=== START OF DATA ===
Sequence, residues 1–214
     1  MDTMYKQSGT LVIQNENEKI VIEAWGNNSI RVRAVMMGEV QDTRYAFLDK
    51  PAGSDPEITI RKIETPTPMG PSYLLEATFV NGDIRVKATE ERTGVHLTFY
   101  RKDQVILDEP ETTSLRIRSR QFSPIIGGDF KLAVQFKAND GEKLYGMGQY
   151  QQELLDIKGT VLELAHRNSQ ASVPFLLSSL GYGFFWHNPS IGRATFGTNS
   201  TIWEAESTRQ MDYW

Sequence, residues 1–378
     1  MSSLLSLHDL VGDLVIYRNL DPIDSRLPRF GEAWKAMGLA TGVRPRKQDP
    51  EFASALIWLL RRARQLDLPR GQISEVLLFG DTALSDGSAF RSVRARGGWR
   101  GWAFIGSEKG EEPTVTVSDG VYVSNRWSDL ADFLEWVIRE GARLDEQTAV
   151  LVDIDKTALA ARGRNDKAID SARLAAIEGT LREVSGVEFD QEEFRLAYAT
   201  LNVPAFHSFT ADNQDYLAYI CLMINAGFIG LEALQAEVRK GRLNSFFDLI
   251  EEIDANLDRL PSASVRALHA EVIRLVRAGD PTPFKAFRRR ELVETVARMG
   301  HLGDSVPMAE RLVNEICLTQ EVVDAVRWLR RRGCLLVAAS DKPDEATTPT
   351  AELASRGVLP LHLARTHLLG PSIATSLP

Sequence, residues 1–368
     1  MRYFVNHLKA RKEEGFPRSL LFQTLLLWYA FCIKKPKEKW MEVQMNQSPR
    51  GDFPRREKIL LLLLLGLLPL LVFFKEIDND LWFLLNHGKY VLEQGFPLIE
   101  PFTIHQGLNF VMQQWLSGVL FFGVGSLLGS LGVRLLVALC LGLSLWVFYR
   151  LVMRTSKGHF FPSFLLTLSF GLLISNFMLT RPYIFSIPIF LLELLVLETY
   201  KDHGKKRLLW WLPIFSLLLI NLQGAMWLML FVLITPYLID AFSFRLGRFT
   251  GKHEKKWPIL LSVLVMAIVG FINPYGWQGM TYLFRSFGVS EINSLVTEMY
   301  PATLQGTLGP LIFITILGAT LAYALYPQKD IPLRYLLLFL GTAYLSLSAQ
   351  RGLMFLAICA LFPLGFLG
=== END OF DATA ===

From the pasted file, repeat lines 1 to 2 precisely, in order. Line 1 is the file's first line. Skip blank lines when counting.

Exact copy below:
Sequence, residues 1–214
     1  MDTMYKQSGT LVIQNENEKI VIEAWGNNSI RVRAVMMGEV QDTRYAFLDK